Thursday, April 30, 2020

More Comments from Readers Part II

Following are more comments and questions from our readers:
Comment #1: “The comment in Alma 22:32 of it being defensive lines of a day and a half’s journey, and a day’s journey in Helaman 4:7 must be located outside the Isthmus or narrow neck because of the phrasing “from the east unto the west sea” and “from the west sea, even unto the east.” Thus, these defensive lines must be outside the narrow neck of land but also must be in the vicinity of the south side of the Isthmus of Tehuantepec (narrow neck of land) and must relate directly with the Pacific Ocean (west sea)” Wes B.
The two lines mentioned in the scriptural record

Response: It is unclear what you think the word “unto” means. In 1828, the word was considered “obsolete’ since “it expresses no more than to.” It is not found in the Mother Tongue, according to Noah Webster, “nor used in popular discourse.” Even today, the word is defined as “archaic term for to,” and “archaic term for until.” Even checking with the English Language & Usage, which sometimes goes far afield to find an answer, it merely states: “What are the differences between "unto" and "to"? It seems that in many contexts where the word "unto" is used, "to" could be substituted and would be perfectly correct.”
    Thus, the two statements you quote should read: “from the east to the west sea,” and “from the west sea, even to the east.” Therefore, nothing changes.
    Nor, by the way, are these two statements connected in any way, one being used to describe the width of the narrow neck of land (Alma 22:32) and the other used to describe the length of a defensive wall that the Nephites built to stop the northern advances of the Lamanite armies (Helaman 4:7). The first is definitely within the narrow neck of land, and the latter is obviously not.
Comment #2: “You talk about Quechua as the original language of the Nephites. Does it still exist?” Mikki T.
Response: Yes. The other language was Aymara. However, today Quechua is considered to be a group of at least seven languages with about 46 distinct dialects between them. But it wasn’t always like that. Just as Latin in Europe became Spanish, Portuguese, Galician, Catalan, French, Italian, Romanian among others, over the past centuries Quechua too has adapted and changed—something that happens in just about all languages. Just like Latin, at one time in the past there was a single Original Quechua from which the modern varieties evolved. Today, 10 million people speak Quechua, which includes 13% of the total population of Peru. About 2.8 million people speak Aymara today.
    It might be of interest to know that the fictional language called Huttese used in the Star Wars movies is largely based on Quechua.
Comment #3: “I don’t know if anyone else has noticed, but all your talk about Sorenson has caused me to look more critically at his Mesoamerican theory and to the specific areas of his city placement. And illogically, I found he places the location of the east-seashore cities of Bountiful, Mulek, Gid, Omner, Jershon, Morianton, Lehi, Nephihah, and Moroni near the top of the narrow neck of land. The result is that he positions these cities over the top of or in the middle of cities located in Olmec/Jaredite territory—locations that are not supported by the Mesoamerica archaeological and historical records of the first century BC.” Dixon M.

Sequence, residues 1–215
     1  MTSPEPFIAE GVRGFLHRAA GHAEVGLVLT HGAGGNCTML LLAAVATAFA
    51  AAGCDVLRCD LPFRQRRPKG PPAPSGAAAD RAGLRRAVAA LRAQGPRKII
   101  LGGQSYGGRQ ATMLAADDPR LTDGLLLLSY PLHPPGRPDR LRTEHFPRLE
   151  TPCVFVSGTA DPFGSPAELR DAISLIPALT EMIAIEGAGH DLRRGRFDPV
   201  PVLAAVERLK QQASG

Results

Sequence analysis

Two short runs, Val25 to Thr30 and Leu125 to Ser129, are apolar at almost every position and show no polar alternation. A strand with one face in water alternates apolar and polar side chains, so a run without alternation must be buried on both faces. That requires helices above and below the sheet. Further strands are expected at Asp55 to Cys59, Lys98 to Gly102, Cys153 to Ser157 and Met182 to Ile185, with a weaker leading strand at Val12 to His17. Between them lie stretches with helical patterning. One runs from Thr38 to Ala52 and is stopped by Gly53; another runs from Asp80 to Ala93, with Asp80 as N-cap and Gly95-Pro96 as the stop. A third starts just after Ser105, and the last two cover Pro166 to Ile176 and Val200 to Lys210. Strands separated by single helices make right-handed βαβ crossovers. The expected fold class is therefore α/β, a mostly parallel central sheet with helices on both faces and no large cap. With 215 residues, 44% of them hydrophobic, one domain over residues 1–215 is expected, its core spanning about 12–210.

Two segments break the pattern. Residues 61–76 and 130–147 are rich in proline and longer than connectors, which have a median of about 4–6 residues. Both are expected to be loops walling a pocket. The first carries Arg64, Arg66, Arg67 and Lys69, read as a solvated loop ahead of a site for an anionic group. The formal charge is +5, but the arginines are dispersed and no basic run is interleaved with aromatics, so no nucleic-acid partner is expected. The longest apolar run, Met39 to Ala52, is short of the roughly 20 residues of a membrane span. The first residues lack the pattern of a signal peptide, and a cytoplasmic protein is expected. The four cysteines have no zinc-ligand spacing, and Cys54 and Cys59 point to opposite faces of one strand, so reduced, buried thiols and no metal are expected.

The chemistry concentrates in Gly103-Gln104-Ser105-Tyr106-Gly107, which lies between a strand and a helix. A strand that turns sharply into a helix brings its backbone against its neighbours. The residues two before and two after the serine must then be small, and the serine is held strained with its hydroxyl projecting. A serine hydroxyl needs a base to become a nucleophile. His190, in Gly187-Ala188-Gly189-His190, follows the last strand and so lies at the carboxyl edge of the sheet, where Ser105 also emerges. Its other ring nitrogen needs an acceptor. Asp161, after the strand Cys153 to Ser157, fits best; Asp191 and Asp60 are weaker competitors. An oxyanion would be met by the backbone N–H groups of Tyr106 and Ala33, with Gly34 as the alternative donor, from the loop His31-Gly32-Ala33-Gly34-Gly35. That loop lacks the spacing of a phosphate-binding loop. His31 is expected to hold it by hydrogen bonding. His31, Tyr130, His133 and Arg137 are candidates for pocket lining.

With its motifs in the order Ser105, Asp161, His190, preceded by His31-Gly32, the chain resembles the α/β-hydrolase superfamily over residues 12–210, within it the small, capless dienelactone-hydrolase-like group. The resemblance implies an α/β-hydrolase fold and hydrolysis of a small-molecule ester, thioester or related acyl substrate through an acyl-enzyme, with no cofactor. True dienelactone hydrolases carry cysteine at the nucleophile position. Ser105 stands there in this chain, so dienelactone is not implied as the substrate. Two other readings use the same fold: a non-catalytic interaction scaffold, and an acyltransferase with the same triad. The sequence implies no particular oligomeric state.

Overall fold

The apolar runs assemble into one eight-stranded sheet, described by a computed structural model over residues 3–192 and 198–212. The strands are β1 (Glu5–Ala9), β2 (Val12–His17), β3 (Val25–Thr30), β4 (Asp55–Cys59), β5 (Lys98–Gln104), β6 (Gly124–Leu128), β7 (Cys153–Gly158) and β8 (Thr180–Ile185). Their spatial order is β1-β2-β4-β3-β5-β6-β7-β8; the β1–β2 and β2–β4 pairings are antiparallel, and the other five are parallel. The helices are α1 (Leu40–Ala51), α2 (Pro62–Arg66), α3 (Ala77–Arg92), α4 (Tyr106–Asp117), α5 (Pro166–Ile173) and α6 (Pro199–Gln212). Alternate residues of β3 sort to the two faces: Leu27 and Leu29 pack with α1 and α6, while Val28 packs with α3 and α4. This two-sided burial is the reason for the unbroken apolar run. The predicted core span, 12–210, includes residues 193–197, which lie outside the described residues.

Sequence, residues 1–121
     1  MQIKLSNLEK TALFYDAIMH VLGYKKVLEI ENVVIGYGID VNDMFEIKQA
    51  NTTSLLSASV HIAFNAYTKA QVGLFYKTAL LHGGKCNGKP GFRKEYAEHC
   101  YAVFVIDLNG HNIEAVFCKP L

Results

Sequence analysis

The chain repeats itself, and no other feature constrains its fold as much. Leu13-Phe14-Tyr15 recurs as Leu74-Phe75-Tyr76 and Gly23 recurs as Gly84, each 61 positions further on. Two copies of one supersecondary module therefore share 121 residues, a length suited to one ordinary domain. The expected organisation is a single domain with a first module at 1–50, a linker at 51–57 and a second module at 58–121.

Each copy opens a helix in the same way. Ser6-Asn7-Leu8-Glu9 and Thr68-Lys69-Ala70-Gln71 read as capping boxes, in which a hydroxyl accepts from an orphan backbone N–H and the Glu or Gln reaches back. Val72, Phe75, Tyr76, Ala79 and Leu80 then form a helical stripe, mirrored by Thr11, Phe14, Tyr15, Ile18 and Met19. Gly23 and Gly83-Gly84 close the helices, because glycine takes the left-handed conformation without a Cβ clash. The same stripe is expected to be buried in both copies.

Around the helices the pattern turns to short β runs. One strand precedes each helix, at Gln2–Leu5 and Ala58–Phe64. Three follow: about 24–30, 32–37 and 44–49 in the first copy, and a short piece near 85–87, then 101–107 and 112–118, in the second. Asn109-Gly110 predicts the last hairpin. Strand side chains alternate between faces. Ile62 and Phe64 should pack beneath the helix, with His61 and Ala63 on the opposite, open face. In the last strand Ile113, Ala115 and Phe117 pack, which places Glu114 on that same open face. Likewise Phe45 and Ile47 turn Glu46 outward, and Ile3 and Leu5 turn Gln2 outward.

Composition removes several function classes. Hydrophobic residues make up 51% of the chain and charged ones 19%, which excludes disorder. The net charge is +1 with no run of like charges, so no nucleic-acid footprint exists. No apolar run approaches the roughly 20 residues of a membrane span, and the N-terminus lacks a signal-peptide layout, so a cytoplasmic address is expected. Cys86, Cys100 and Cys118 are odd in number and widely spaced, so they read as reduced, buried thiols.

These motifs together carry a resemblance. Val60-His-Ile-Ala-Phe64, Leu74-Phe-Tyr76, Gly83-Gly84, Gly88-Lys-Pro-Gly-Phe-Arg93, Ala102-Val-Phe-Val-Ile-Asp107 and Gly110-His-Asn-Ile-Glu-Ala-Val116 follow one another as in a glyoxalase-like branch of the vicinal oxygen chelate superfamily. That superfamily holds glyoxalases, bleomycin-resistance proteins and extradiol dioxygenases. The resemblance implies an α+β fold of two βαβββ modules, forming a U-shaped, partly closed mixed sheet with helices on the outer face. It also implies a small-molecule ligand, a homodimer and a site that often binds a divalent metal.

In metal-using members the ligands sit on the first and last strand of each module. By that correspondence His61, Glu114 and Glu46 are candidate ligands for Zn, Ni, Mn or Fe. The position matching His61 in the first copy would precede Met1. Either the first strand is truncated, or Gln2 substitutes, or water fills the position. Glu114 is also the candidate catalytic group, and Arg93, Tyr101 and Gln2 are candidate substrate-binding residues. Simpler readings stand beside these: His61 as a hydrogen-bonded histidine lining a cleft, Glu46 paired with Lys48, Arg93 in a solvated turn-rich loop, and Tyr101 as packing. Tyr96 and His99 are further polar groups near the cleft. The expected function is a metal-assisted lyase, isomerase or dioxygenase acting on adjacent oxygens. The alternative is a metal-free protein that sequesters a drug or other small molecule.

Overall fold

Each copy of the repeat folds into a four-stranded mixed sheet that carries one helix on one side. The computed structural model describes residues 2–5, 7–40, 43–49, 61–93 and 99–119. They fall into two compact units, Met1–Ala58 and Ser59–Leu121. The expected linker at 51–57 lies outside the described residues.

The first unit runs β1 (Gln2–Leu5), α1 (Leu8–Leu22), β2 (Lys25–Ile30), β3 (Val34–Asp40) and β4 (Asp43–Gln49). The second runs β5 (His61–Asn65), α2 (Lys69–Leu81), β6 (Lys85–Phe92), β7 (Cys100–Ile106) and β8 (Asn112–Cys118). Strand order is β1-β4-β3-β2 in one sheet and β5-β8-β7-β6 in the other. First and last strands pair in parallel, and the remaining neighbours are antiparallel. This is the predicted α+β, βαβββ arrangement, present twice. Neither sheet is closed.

Response: Excellent point. Thank you. Mesoamericanists have an interesting of placing cities, not based on the scriptural record, but on where cities are now found in Mesoamerica.
Comment #4: “You write about science, yet every time you do, you are on the opposite side of all accepted science. Take this which I retrieved from PBS website: “The Colorado has dramatically changed the role the river plays in a task begun millions of years ago: dredging the Grand Canyon." (Nature Series, "Grand Canyon: The Colorado River”), PBS, []. Also, in “General Science” (Prentice Hall, 1998, p 174): “Over millions of years, the Colorado River has carved out the Grand Canyon from solid rock.” And on p 279 “The Colorado River flowing along the bottom of the Grand Canyon, has cut through layer upon layer of rock over millions of years exposing fossils long buried in sedimentary rock.” Now you are writing about the Grand Canyon being made in a very short time, which everyone knows was a feature that took millions of years to form, cut by the Colorado River” Joanne N.
The Grand Canyon
Response: It is interesting you quoted from these two sources—far more authentic and scientific quotes on this subject could have easily been found and listed. However, the overall point is a rather simple one.
    Perhaps you learned something differently in school, but all the science courses taught us shows that water does not naturally flow uphill. Consider the fact that the Colorado River travels through the Rocky Mountains and enters the Grand Canyon at 2800 feet, flows downhill for 270 miles and exists the canyon at 1800 feet; yet, along that course, the Kaibab Uplift—the highest points of the mountains the river is supposed to have cut through—is 6900 to 8500 feet high. In other words, the river would have had to run uphill 4000 feet to then cut downward to the level it now is.
    Considering these different altitudes, we should notice the following points:
1. The top of Grand Canyon is higher than the bottom;
2. The river only runs through the bottom;
3. The Rocky Mountains are higher than where the river enters the canyon by over 4000 feet;